More and more churches are deciding to raise up staff from within their congregation. While I wondered about that direction when it first began to gain steam, I have come to see the value of it. Here are 10 reasons I encourage you to consider this option:
- You likely know them better than outside hires. They’re already one of your church family, so you know them. It’s possible that you’ve seen both their strengths and weaknesses—and you’re not likely to be surprised by either.
- They already know your church better than outside hires will. They won’t need to spend nearly as much time learning your congregation. They can hit the ground running because they know how your church operates.
- They probably already buy into your church’s vision. It’s likely they’ve continued to be a part of your church because they believe in the vision. They’re committed because they know what your church wants to accomplish.
- Their learning curve won’t be as steep as outsiders. That includes learning simple things like members’ names, the church’s history, and the church structure. Outside staff members usually have to spend much time on these tasks at first.
- Moving expenses are usually less for inside hires. Needless to say, that’s because they already live in the area. Expenses for helping a new staff member move to your area can be exorbitant.
- They must have already shown faithfulness and fruitfulness as they’ve served through your church. I assume you would not have hired them had you not already seen something in them. Their past track record is generally a good indicator of their future work.
- They likely know the community and have networks of friends in the area. They might not know the specific demographics of a community (many church leaders don’t), but they at least understand some of the community’s culture. By the way, if you don’t know your community’s demographics, I encourage you to get a “Know Your Community” report from Church Answers. It’s a great tool.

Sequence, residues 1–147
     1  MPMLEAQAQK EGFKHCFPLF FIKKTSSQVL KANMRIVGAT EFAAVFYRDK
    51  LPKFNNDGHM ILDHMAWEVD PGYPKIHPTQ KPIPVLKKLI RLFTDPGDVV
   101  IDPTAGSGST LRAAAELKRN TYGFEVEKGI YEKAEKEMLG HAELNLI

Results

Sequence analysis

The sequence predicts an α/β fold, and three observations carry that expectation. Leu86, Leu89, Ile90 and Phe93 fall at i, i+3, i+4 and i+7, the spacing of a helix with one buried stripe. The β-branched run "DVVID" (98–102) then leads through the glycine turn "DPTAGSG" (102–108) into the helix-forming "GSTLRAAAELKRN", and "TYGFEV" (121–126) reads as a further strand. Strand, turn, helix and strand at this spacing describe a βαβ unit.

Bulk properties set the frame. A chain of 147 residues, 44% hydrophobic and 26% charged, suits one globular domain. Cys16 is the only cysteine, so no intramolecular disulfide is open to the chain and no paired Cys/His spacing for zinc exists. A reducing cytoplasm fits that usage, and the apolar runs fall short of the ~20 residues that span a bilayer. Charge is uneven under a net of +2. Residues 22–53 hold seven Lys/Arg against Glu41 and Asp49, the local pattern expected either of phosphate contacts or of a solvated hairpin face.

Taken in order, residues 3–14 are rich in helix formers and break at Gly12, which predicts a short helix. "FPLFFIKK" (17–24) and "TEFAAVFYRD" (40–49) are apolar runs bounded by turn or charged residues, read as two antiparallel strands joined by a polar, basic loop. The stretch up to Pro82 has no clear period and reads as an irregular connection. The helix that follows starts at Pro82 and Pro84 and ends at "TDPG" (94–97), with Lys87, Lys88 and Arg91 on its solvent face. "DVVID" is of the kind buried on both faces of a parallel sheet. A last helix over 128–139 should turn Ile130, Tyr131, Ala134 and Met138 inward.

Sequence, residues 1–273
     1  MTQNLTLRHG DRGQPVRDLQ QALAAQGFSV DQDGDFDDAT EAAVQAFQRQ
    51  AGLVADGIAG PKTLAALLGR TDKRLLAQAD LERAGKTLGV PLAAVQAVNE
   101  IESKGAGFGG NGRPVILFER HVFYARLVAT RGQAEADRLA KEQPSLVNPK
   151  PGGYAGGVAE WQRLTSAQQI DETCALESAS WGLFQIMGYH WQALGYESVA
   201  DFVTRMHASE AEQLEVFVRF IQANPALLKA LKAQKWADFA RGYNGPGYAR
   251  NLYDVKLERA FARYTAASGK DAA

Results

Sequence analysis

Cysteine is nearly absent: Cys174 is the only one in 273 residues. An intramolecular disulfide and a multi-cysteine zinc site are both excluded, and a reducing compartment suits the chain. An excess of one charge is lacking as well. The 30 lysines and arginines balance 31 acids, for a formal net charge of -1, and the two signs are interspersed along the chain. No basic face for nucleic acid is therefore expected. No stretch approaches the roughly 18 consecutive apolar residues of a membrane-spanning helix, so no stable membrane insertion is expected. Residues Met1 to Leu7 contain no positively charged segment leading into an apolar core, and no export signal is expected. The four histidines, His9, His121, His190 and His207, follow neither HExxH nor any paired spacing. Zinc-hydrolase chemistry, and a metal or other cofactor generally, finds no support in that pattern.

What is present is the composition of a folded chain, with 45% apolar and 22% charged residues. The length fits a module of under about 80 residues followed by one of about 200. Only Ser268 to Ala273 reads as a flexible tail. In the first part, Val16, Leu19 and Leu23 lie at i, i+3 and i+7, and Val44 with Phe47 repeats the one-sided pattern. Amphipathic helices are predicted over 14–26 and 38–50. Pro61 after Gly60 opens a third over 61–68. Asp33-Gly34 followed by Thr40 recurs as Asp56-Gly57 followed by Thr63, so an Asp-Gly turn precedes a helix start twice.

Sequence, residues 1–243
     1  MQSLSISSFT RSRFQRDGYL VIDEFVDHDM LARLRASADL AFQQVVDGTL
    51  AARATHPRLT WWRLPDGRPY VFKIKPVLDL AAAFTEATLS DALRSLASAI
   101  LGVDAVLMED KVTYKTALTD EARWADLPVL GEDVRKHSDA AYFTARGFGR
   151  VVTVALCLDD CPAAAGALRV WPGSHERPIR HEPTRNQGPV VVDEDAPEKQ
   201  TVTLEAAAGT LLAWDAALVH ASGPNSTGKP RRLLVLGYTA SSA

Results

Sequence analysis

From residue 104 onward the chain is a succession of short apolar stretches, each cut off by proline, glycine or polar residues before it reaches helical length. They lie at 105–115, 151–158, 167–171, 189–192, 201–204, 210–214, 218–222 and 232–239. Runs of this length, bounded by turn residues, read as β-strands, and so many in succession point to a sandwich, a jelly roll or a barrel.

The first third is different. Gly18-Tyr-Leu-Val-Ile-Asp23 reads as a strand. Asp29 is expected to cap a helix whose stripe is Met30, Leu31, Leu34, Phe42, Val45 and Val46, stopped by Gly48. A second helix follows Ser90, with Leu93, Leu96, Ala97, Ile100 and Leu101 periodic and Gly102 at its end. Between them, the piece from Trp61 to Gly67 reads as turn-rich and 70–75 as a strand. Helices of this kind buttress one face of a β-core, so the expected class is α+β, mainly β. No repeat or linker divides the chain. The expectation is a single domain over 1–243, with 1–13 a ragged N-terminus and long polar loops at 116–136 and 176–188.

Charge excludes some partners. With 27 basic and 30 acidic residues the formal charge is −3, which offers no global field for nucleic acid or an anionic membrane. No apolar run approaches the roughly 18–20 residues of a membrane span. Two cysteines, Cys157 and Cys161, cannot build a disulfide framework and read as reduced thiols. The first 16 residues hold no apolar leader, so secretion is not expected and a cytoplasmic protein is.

- Staff members can now get theological training via online degrees. My seminary (Southeastern Seminary), for example, offers multiple masters degrees that are fully online. Staff members who get further training this way can do so without leaving your ministry context.
- You may have members who can join your staff bi-vocationally. I’m convinced that God calls some church leaders to be bi-vocational. That approach helps the church by lessening the cost of a full-time staff member, and that new leader often stays more connected to non-believers out in the world.
- Because they already know the church family, they can quickly recruit members to walk beside them as prayer warriors. Church leaders are on the front lines of the spiritual battle, and they need prayer support from brothers and sisters. The longer it takes to secure these partners in ministry, the more we open ourselves to the enemy’s attacks.
I realize there are reasons to caution against this approach (e.g., it’s sometimes more difficult to confront a staff member who has a long history—and often extended family—in the church), but the positives outweigh the negatives, in my judgment. What are your thoughts?
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